Posts Tagged "parents"

Downsizing: Losses, Emotions, And All the “Stuff”

Posted by on Sep 8, 2010 in Living Arrangements |

Moving house is among life’s most stressful events. Whether leaving your home of many years, helping manage a downsizing move for an older person, or clearing out your parents’ home – you can expect to ride an emotional rollercoaster.  You’ll be facing some sense of loss – bereavement, or loss of health and independence. At the same time, you’ll have to deal with household items accumulated over a lifetime. Many possessions hold emotional charges, and memories of acquiring, collecting and caring for special things from the past. The harsh reality is they won’t all fit in your new home, but emotions can make it difficult to decide what to take. That’s where working with a senior move specialist can help. “First and foremost, we focus on moving you with the items you love, want and will need,” says Dawn Rennie, President of Transitions. “We have to face that, if you are moving from 2,000 sq.ft. to 500 sq.ft., only 1/4 of the items can comfortably fit.” Once it’s clear what’s best suited for the new home, Rennie and her trained associates suggest you start giving gifts to family and friends. But this may not be as easy as it seems. As we live longer, so do our adult children. They may appreciate the gesture, but can’t take your gifts because they, too, have all they need or are also starting to downsize. Senior move specialists are experienced in finding “good homes” for possessions their clients won’t be moving with. Here is Transitions’ advice on what to expect when you are letting go of your possessions: When selling via auction, expect modest financial gains. Auctioneers charge commissions and moving costs, and do not guarantee a sale price. You don’t want to end up writing a cheque to the auction company! Yard sales and the Internet. Depending on the item, you may get only a few dollars. Evaluate the time you’ll spend vs. the financial gain. Donate to charity. Many people are surprised to find charities can be selective about what they take. A charity that re-sells the items may be pickier than a group who delivers your goods directly to people in need. Disposal of damaged, non-working or obsolete items. Your energy needs to be focused on moving ahead. “We often have to explain to clients why their ‘stuff’ is not worth as much to anyone else as it is to them,” says Rennie. She gives three main reasons: Families today are more affluent, buy more on credit, and don’t see the same benefit in getting “hand-me-downs” as older generations did. They are less interested in “quality” items than what works for their lifestyles. E-commerce and the Internet have driven down prices and made everything more readily available. Rennie cautions family members that, “Even though your loved one may still be alive, distributing household items can feel similar to clearing out an estate. Stay positive and sensitive to minimize the sense of loss.”    Vol. 6, No. 4, © ElderWise Publishing 2010. You have permission to reprint this or any other ElderWise INFO article, provided you reproduce it in its entirety, acknowledge our copyright, and include the following statement: Originally published by ElderWise, Canada’s go-to place for “age-smart” planning. Visit us at and subscribe to our FREE e-newsletter.    Sponsor Profile ElderWise thanks Dawn Rennie, President, Transitions Inc. and her associates for contributing to this article. Transitions co-ordinates your entire move or assists in estate finalization…with caring and sensitivity. Planning, packing, clean up, dispersal and disposal, new home setup. Specializing in senior moves since 1997, with offices in Manitoba, Alberta, and B.C. Visit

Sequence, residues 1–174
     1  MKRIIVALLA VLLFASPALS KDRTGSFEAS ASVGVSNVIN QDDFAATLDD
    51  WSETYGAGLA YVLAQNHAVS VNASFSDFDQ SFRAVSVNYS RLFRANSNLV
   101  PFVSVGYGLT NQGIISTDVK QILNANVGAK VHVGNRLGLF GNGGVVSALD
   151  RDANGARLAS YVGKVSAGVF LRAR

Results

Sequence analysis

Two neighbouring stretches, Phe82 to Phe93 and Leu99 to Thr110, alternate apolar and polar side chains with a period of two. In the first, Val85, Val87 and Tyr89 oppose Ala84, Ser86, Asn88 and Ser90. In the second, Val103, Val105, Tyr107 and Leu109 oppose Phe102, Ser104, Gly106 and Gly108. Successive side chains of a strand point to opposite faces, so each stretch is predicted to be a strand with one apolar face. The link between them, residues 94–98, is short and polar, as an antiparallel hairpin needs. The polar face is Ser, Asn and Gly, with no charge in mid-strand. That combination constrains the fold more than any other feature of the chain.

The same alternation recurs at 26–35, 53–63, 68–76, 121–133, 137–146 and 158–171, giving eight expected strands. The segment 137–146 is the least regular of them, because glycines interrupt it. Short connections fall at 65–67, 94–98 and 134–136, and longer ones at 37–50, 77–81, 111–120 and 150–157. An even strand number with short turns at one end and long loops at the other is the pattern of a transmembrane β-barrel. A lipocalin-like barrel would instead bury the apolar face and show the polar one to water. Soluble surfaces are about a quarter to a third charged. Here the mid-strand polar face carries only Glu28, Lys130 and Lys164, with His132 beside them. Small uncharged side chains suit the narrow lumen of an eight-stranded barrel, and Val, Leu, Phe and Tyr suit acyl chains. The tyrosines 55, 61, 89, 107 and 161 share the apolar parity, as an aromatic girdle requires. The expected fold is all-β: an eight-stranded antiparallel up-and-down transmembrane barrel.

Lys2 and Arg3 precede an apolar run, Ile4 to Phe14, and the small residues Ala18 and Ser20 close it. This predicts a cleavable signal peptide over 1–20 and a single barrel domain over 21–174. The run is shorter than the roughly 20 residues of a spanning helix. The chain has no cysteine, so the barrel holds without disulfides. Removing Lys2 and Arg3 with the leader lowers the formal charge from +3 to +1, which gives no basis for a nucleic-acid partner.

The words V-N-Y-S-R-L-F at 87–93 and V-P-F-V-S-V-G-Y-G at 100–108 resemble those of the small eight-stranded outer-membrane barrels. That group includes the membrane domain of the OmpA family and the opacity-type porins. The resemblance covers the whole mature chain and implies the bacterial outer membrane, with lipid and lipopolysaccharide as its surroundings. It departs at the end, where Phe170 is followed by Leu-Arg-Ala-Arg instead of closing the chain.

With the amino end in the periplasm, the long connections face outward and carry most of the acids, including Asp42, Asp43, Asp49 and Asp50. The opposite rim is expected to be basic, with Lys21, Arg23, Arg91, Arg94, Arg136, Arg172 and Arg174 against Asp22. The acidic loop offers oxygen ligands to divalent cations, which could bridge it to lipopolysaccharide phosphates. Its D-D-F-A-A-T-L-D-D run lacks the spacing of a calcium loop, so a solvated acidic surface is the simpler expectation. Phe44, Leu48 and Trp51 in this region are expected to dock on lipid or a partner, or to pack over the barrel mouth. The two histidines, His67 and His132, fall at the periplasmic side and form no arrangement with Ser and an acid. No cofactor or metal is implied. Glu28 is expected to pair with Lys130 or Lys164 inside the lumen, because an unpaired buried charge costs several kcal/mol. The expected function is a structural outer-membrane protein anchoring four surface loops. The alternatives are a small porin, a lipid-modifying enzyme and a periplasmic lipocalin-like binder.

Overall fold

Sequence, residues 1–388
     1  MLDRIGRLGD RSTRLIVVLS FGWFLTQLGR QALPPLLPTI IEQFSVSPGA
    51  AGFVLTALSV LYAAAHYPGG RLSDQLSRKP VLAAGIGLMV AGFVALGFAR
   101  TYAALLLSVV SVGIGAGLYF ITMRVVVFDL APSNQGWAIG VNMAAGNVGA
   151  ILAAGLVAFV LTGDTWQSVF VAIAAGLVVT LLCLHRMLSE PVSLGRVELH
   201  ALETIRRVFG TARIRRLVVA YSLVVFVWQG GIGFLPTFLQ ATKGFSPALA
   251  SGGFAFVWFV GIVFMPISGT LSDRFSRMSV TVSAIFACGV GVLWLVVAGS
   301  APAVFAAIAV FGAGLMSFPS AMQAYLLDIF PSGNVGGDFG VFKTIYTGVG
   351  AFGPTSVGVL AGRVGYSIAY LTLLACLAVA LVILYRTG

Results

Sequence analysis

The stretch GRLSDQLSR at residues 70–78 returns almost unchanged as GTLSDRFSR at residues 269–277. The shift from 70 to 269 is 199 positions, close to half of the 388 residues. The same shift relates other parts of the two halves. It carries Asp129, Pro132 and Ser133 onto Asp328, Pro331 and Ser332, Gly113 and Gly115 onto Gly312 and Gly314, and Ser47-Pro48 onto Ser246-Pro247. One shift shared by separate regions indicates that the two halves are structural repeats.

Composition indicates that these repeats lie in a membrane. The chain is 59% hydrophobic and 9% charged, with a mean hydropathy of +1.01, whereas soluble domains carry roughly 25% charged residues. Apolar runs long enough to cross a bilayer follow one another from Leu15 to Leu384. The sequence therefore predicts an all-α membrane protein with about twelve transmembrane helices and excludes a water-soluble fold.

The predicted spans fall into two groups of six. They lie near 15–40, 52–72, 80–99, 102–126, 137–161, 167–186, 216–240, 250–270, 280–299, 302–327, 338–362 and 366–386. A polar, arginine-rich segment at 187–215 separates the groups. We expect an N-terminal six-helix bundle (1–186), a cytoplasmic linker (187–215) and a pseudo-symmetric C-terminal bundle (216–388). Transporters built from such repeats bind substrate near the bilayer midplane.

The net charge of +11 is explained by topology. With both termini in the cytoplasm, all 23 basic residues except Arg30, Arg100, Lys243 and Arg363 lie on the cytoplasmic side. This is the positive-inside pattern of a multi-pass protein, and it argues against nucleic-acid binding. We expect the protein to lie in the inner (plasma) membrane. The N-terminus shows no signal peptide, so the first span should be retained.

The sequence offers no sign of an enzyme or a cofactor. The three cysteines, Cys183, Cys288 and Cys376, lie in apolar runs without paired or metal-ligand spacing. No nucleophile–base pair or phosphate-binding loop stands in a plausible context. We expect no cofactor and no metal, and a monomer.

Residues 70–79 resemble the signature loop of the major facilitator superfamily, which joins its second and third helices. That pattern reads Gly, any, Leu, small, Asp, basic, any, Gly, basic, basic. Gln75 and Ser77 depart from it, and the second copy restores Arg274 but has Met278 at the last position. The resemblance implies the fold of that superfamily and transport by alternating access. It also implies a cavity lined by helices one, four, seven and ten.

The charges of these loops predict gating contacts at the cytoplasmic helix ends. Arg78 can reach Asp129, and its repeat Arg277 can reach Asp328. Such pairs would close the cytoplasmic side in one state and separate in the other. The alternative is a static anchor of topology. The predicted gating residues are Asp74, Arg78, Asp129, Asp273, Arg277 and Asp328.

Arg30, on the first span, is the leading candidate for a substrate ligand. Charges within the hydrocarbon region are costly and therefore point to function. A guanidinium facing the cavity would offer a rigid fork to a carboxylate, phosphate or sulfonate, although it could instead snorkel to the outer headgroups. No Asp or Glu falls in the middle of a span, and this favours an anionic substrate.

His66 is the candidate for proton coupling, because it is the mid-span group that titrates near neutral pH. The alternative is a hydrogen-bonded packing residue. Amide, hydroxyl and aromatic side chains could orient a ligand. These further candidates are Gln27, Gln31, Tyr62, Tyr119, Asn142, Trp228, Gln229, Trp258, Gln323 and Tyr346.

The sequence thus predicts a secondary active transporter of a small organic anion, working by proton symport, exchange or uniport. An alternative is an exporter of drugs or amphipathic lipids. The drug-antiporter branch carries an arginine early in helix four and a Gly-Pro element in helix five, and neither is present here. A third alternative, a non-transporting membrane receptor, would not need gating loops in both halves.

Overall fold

Read More